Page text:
P-38 Lightning wreck at the Vilu Outdoor War Museum
The cats in the Solomon Islands are rather odd...

On my last day on the island, I went up in the mountains, hoping to see different species. I went for a very tenuous (but luckily not too long) hike along and across a stream to visit a bat cave. When I got there, I was happy to see that the bats roosting in the twilight zone were Dobsonia inermis, a recent split from the widespread Dobsonia moluccensis and endemic to the Solomon Islands. On the way there, I also spotted a couple of Flying Foxes in the forest. They probably were Pteropus woodfordi again but they seemed bigger. I just couldn’t find any other species present on Guadalcanal that fitted what I saw.

It was challenging but definitely worth it!

Sadly, I did not get a chance to see either Pteropus admiralitatum or Pteropus rayneri, two species I really would have liked to see. They appear to be quite difficult to see on Guadalcanal but not so much in Western Province. Birding was alright on Guadalcanal, especially in the mountains but that too is apparently much better in Western Province. Next time then…


When I was up in the mountains, I had a fabulous view over the coastline, including Lungga Point. That is where most of the battles happened. It was hard not to think of all those people who died there, so far away from home. They had to deal with diseases, extreme humidity and heat in addition to the bullets, and had been ill-prepared. While this may have been a decisive battle, it was also absolute carnage.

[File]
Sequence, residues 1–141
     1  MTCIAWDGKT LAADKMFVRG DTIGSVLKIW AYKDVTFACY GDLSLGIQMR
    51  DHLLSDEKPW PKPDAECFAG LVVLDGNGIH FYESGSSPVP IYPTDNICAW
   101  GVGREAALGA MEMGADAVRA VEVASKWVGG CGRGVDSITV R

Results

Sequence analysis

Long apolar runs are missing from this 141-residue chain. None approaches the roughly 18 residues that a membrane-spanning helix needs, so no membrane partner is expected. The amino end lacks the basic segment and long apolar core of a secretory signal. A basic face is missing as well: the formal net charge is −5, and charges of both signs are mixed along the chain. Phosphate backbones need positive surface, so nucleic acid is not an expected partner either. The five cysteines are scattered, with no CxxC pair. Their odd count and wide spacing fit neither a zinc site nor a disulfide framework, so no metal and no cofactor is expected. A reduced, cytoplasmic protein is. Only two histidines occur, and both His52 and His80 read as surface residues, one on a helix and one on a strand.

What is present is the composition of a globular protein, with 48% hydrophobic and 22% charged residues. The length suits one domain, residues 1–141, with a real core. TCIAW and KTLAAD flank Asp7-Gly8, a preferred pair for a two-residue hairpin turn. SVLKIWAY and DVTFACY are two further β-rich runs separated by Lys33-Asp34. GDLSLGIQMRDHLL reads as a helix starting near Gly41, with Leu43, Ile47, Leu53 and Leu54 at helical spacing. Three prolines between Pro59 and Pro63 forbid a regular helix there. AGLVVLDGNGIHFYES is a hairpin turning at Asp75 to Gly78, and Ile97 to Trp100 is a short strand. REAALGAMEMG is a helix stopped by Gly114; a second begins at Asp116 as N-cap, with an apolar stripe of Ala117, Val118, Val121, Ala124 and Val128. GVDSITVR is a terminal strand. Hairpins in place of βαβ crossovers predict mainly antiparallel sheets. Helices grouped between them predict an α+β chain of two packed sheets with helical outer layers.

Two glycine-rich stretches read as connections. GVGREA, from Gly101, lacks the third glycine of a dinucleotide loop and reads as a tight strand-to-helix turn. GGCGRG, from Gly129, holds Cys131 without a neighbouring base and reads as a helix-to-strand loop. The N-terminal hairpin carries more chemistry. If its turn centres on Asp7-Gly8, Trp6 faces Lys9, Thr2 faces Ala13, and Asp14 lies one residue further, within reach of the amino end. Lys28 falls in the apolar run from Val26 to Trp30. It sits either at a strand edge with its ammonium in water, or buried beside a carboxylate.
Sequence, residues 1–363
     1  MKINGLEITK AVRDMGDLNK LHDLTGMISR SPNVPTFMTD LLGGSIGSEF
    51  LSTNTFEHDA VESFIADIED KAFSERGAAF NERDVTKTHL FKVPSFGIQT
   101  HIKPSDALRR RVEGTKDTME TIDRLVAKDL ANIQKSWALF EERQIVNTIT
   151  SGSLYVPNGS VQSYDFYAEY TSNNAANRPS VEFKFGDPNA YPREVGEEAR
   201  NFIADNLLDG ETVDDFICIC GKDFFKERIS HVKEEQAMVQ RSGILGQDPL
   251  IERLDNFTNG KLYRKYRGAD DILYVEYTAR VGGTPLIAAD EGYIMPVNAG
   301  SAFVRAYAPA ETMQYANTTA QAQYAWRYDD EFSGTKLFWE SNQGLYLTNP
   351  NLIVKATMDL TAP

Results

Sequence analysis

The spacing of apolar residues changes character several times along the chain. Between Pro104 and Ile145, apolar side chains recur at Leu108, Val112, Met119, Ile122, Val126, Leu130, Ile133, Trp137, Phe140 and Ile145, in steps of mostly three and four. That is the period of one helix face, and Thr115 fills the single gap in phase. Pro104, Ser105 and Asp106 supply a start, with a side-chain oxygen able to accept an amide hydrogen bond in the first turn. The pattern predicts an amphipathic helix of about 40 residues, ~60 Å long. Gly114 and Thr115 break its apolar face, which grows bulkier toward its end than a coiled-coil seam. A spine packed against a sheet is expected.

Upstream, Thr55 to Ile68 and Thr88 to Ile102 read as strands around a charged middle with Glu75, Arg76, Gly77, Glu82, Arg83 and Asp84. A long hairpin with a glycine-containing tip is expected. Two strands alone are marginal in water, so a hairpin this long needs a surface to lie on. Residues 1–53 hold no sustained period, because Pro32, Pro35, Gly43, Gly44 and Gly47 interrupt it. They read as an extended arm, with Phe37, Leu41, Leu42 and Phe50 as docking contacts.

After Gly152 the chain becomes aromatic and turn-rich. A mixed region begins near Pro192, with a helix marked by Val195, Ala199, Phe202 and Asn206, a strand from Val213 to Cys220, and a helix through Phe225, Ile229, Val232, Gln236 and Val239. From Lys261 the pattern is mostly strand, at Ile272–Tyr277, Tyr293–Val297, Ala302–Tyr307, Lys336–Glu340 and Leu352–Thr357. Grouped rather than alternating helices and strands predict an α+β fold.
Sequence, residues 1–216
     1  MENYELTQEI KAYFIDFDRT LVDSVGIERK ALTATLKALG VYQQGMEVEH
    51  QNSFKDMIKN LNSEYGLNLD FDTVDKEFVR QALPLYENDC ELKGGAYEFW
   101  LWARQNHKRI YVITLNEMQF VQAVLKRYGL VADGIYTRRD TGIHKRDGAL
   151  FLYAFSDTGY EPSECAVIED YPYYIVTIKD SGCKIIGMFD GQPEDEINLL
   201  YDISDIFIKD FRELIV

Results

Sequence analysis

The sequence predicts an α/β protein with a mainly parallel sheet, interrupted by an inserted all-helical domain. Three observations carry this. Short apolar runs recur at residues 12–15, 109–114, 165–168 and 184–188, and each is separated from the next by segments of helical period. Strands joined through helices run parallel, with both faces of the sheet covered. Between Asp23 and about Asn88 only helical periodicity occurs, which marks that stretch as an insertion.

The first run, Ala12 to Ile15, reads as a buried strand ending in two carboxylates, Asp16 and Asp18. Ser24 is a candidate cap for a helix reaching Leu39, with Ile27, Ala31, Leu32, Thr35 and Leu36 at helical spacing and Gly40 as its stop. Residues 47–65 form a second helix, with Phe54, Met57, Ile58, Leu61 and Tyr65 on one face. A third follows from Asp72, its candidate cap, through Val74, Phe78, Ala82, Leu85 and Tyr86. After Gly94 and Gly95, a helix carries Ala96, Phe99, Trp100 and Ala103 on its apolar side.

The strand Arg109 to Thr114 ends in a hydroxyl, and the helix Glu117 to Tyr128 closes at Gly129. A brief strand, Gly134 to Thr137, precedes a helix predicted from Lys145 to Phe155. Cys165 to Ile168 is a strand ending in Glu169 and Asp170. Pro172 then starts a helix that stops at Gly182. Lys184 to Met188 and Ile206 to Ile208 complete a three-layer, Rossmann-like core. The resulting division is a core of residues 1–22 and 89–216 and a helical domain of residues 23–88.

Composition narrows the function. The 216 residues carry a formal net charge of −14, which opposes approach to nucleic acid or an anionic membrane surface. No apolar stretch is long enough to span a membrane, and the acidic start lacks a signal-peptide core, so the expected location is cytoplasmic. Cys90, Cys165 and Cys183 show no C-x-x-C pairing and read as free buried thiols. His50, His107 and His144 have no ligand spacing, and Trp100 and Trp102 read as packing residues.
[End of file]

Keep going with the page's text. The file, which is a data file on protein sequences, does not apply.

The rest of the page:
Seeing the memorials in Vilu Museum was really humbling. It definitely was a reminder of the horrors of war. I did not mean to make this a depressing read but I strongly believe that it is important to remember them.

The most obvious remnant of the war? The Henderson airfield, now known as Honiara International Airport. Built partly by the Japanese, it is what lead the Americans to invade the island in the first place.